Support groups can also help gay Iranians gain asylum through providing evidence to ‘prove’ homosexuality. ‘Almost everybody from Iran is initially refused asylum by the Home Office on the grounds that they are not believed to be gay or lesbian,’ says Sebastian from The UK Lesbian and Gay Immigration Group (UKLGIG). The only group of its kind in Britain, UKLGIG helps people to ‘prove’ their homosexuality by providing witness statements at the court of appeal and referral to specialist solicitors. However, even if they are believed to be gay, a large number of Iranians’ appeals are rejected on the grounds that they can go back to Iran and hide their sexuality. ‘To me, telling people to go back and hide their sexuality is persecution in itself,’ continues Sebastian. ‘Being gay or lesbian is part of your identity, to have to hide it means you can’t live.’ Refusal on these grounds is even more likely for those like Behrouz and Ayra who don’t have access to UKLGIG’s vital support.
‘The idea that it’s safe to go back and live discreetly in Iran is totally untrue. I can’t understand what being discreet means. Not being able to be gay means living a lie, it means not having a life and pretending to be someone else. It’s just not possible.’
Arya was at a secret gay party in Tehran when a phone call warned him the police were on their way. He fled and was on the run when police came to look for him at his family home and, in a bid to save their son’s life, his parents paid for him to be smuggled to Britain. After claiming asylum, Arya was shocked to be refused on the grounds that he was not believed to be gay. A solicitor told him he needed evidence to ‘prove’ his sexuality and he gathered photos from the gay scene. His mum also sent him documents hidden inside a pair of shoes to avoid detection by the Iranian authorities. At the tribunal, the judge conceded that Ayra was gay but refused him asylum on the grounds that he could go back to Iran and ‘live discreetly’. ‘They want me to go back to Iran to hide in my house and always be scared’ says Ayra. ‘Even if I was lucky enough to avoid arrest at the airport, I’m sure they would find me.’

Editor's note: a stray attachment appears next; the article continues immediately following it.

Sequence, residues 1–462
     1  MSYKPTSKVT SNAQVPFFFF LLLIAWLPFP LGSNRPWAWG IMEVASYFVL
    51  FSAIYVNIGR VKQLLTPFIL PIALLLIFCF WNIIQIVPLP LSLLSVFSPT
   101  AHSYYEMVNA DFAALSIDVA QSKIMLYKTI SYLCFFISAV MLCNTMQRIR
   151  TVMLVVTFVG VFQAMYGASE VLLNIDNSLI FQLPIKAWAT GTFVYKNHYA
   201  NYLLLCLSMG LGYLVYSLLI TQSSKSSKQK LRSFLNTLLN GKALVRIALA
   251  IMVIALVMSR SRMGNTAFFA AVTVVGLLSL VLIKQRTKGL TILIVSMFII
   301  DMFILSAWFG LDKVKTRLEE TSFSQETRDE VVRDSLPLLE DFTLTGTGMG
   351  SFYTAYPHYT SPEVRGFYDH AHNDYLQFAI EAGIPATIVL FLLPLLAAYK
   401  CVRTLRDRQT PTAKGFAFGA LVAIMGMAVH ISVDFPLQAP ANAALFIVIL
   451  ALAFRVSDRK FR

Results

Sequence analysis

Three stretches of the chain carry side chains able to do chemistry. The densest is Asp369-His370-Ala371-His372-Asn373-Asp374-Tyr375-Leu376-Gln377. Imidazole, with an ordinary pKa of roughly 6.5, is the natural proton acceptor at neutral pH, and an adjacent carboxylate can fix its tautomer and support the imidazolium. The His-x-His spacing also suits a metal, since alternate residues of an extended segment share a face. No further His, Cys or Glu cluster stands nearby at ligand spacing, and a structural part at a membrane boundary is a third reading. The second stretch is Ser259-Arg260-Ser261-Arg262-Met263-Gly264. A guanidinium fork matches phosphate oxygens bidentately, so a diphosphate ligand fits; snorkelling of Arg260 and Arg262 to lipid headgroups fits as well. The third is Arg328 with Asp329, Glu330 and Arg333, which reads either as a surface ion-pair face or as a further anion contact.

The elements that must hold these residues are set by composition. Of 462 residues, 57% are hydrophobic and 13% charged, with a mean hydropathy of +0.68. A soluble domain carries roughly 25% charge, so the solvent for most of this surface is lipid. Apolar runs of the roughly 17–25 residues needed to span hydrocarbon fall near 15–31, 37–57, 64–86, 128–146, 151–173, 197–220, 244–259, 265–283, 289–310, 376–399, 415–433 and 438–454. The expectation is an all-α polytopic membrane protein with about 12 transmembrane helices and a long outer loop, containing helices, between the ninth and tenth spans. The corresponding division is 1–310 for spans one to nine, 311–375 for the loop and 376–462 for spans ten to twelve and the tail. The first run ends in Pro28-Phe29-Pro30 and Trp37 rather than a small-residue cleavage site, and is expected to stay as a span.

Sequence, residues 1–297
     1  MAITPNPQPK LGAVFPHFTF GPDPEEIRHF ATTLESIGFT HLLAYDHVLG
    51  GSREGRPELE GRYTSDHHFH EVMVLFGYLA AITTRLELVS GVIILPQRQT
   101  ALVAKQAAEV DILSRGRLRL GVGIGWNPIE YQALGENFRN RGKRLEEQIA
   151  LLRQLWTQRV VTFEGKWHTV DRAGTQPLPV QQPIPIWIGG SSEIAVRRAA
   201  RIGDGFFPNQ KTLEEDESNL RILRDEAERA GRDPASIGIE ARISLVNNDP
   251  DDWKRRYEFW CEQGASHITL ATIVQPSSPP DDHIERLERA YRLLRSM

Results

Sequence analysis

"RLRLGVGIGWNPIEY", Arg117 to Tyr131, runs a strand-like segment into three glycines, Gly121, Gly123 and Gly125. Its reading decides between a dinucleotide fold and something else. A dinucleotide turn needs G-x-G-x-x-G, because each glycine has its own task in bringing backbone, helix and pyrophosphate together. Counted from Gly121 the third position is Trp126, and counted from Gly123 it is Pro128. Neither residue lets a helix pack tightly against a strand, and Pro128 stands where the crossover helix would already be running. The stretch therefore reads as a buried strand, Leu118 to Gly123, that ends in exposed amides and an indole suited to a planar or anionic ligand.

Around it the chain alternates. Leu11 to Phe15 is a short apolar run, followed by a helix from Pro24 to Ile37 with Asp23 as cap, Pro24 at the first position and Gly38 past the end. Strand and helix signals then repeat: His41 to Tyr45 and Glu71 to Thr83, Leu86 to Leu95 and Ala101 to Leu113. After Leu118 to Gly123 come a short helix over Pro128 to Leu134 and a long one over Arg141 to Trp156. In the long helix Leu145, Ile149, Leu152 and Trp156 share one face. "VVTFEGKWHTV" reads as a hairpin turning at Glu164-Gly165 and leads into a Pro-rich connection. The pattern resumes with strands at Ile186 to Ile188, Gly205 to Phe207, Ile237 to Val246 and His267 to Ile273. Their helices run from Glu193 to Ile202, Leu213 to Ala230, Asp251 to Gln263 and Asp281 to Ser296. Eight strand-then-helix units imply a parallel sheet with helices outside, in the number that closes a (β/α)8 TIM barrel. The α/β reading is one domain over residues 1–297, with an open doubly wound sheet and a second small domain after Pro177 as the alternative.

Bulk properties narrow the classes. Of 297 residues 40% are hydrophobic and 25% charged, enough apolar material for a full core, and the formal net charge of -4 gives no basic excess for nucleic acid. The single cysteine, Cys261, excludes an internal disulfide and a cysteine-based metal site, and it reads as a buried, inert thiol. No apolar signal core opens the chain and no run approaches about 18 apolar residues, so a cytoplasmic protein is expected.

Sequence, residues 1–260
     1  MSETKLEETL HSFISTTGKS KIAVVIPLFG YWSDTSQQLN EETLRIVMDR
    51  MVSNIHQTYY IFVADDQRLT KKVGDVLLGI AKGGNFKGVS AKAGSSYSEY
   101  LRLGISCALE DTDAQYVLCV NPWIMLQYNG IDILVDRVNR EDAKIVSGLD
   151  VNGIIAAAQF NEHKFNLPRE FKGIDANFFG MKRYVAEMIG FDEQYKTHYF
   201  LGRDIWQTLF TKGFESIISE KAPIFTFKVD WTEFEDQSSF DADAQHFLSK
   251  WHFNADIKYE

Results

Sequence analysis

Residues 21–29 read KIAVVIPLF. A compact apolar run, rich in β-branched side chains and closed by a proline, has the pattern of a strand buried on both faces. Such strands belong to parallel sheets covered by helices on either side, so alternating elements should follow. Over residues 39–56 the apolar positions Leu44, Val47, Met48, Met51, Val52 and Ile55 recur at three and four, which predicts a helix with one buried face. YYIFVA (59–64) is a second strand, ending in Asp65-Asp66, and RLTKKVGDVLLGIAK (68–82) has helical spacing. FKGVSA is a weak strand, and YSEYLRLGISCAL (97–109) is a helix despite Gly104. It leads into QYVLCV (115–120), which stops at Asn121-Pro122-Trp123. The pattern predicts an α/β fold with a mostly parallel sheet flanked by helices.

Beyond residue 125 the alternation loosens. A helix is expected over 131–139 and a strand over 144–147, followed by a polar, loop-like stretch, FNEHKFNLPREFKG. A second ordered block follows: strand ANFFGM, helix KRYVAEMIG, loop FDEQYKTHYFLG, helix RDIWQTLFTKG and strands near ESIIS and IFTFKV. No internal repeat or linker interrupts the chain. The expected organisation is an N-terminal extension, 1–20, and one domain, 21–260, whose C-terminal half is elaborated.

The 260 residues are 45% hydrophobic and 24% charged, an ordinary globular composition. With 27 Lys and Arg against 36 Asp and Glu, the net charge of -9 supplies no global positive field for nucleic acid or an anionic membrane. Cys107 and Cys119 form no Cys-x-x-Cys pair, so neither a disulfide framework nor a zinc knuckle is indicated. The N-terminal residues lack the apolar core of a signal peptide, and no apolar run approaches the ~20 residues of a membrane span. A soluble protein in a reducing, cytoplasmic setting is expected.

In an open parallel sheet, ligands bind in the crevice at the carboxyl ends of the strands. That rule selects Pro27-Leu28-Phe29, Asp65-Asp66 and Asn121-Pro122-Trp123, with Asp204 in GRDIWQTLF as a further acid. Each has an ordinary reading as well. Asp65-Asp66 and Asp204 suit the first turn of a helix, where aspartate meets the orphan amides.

Four years ago Behrouz was also refused asylum on these grounds. ‘When that decision was made I was ready to commit suicide,’ reveals Behrouz. ‘The idea that it’s safe to go back and live discreetly in Iran is totally untrue. I can’t understand what being discreet means. Not being able to be gay means living a lie, it means not having a life and pretending to be someone else. It’s just not possible.’ For gay Iranians like Behrouz and Ayra the anniversary of Iran becoming an Islamic Republic is a reminder of the persecution that forced them to flee their country. Having been refused sanctuary in Britain, it is also a reminder of their uncertain future and the suffering they will face if they are returned. Behrouz found a solicitor who believed he had a strong case and put in a fresh claim for asylum. However, 18 months later he still hasn’t had a response from the Home Office and is living in limbo. ‘I want to live, I don’t want to hide,’ he sighs. ‘I want to live like everybody else’.